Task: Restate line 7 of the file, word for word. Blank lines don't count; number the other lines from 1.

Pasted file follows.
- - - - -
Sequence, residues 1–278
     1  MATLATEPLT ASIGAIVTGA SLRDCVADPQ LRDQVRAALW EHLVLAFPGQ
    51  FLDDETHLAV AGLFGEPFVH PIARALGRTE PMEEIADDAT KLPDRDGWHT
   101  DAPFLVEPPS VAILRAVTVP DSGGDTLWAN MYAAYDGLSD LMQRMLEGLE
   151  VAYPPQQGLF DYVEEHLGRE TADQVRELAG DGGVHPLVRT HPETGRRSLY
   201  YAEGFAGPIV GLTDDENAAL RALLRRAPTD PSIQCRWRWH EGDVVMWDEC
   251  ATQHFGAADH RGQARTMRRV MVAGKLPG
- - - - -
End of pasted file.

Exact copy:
   251  ATQHFGAADH RGQARTMRRV MVAGKLPG